5.
Nat Genet ; 51(3): 414-430, 2019 03.
Artigo em Inglês | MEDLINE | ID: mdl-30820047

RESUMO

Risk for late-onset Alzheimer's disease (LOAD), the most prevalent dementia, is partially driven by genetics. To identify LOAD risk loci, we performed a large genome-wide association meta-analysis of clinically diagnosed LOAD (94,437 individuals). We confirm 20 previous LOAD risk loci and identify five new genome-wide loci (IQCK, ACE, ADAM10, ADAMTS1, and WWOX), two of which (ADAM10, ACE) were identified in a recent genome-wide association (GWAS)-by-familial-proxy of Alzheimer's or dementia. Fine-mapping of the human leukocyte antigen (HLA) region confirms the neurological and immune-mediated disease haplotype HLA-DR15 as a risk factor for LOAD. Pathway analysis implicates immunity, lipid metabolism, tau binding proteins, and amyloid precursor protein (APP) metabolism, showing that genetic variants affecting APP and Aß processing are associated not only with early-onset autosomal dominant Alzheimer's disease but also with LOAD. Analyses of risk genes and pathways show enrichment for rare variants (P = 1.32 × 10-7), indicating that additional rare variants remain to be identified. We also identify important genetic correlations between LOAD and traits such as family history of dementia and education.


Assuntos
Doença de Alzheimer/genética , Peptídeos beta-Amiloides/genética , Loci Gênicos/genética , Predisposição Genética para Doença/genética , Imunidade/genética , Lipídeos/genética , Proteínas tau/genética , Idoso , Estudos de Casos e Controles , Feminino , Testes Genéticos/métodos , Estudo de Associação Genômica Ampla/métodos , Haplótipos/genética , Humanos , Metabolismo dos Lipídeos/genética , Masculino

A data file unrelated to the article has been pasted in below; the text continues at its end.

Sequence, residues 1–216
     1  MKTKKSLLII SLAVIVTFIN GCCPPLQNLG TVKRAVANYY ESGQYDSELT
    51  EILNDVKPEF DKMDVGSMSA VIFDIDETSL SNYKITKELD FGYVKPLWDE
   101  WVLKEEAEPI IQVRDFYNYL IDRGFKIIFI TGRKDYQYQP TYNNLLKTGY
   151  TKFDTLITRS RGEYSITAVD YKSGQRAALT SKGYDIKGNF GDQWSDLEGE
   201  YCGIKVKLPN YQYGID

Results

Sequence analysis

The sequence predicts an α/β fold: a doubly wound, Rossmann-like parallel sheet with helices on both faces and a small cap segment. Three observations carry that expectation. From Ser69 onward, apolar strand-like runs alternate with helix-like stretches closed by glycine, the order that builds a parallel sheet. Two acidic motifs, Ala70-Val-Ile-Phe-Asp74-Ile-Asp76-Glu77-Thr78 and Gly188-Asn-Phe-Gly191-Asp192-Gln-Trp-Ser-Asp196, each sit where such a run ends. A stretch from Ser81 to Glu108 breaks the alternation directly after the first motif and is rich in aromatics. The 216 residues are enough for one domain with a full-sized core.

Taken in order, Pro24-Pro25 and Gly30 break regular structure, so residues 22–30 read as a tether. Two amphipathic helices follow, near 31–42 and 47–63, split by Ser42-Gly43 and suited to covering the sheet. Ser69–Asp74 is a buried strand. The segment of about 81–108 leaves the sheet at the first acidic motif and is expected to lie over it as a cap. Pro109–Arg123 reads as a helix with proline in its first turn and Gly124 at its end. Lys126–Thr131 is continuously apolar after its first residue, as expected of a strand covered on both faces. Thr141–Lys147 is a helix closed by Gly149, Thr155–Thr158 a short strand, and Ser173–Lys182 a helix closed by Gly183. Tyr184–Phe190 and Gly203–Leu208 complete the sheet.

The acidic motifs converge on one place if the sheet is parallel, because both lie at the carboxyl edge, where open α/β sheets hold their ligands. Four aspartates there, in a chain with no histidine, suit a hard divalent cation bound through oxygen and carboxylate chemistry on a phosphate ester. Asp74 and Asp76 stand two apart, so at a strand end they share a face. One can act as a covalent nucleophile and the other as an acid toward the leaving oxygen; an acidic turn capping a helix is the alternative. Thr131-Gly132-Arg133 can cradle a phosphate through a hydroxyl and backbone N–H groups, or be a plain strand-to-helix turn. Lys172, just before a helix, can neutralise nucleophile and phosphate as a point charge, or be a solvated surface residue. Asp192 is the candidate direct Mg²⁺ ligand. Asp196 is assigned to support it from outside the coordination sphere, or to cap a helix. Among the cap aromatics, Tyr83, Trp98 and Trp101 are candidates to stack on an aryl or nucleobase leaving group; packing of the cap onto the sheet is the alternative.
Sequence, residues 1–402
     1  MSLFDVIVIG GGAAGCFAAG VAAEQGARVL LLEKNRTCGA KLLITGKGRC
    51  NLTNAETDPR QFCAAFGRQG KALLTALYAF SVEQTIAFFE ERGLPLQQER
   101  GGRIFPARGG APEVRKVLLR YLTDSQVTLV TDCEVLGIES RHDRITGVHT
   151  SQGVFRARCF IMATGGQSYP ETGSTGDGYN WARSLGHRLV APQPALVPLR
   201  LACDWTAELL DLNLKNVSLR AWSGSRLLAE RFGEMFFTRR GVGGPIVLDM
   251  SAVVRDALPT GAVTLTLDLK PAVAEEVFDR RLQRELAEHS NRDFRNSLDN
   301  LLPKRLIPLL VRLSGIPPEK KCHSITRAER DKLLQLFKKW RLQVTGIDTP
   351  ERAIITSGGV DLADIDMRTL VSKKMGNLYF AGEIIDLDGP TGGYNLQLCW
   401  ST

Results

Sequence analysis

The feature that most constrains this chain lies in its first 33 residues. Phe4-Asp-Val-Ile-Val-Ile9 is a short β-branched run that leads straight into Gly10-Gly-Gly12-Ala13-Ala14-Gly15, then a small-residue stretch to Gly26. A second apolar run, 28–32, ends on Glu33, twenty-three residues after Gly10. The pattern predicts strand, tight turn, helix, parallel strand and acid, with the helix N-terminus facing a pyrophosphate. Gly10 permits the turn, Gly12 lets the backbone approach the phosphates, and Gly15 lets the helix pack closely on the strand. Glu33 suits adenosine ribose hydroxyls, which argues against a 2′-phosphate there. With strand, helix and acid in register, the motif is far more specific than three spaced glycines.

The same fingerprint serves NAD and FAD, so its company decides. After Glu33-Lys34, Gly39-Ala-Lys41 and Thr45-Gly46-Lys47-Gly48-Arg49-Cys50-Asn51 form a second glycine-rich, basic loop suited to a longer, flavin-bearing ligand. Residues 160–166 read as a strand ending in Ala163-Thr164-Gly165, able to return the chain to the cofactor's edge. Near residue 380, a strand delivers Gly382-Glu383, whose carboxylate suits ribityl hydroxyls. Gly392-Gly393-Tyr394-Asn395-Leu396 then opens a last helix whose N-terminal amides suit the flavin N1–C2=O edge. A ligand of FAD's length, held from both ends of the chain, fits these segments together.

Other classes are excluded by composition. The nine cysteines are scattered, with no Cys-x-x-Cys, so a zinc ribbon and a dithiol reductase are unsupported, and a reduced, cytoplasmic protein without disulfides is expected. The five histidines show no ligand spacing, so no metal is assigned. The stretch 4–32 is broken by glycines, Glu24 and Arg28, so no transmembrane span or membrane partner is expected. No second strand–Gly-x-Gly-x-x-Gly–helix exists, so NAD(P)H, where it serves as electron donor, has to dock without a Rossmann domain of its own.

6.
Ann Neurol ; 85(3): 316-330, 2019 Mar.
Artigo em Inglês | MEDLINE | ID: mdl-30706531

RESUMO

OBJECTIVE: Genetic modifiers in rare disease have long been suspected to contribute to the considerable variance in disease expression, including Charcot-Marie-Tooth disease type 1A (CMT1A). To address this question, the Inherited Neuropathy Consortium collected a large standardized sample of such rare CMT1A patients over a period of 8 years. CMT1A is caused in most patients by a uniformly sized 1.5 Mb duplication event involving the gene PMP22. METHODS: We genotyped DNA samples from 971 CMT1A patients on Illumina BeadChips. Genome-wide analysis was performed in a subset of 330 of these patients, who expressed the extremes of a hallmark symptom: mild and severe foot dorsiflexion strength impairment. SIPA1L2 (signal-induced proliferation-associated 1 like 2), the top identified candidate modifier gene, was expressed in the peripheral nerve, and our functional studies identified and confirmed interacting proteins using coimmunoprecipitation analysis, mass spectrometry, and immunocytochemistry. Chromatin immunoprecipitation and in vitro siRNA experiments were used to analyze gene regulation. RESULTS: We identified significant association of 4 single nucleotide polymorphisms (rs10910527, rs7536385, rs4649265, rs1547740) in SIPA1L2 with foot dorsiflexion strength (p < 1 × 10-7 ). Coimmunoprecipitation and mass spectroscopy studies identified ß-actin and MYH9 as SIPA1L2 binding partners. Furthermore, we show that SIPA1L2 is part of a myelination-associated coexpressed network regulated by the master transcription factor SOX10. Importantly, in vitro knockdown of SIPA1L2 in Schwannoma cells led to a significant reduction of PMP22 expression, hinting at a potential strategy for drug development. INTERPRETATION: SIPA1L2 is a potential genetic modifier of CMT1A phenotypic expressions and offers a new pathway to therapeutic interventions. ANN NEUROL 2019;85:316-330.

7.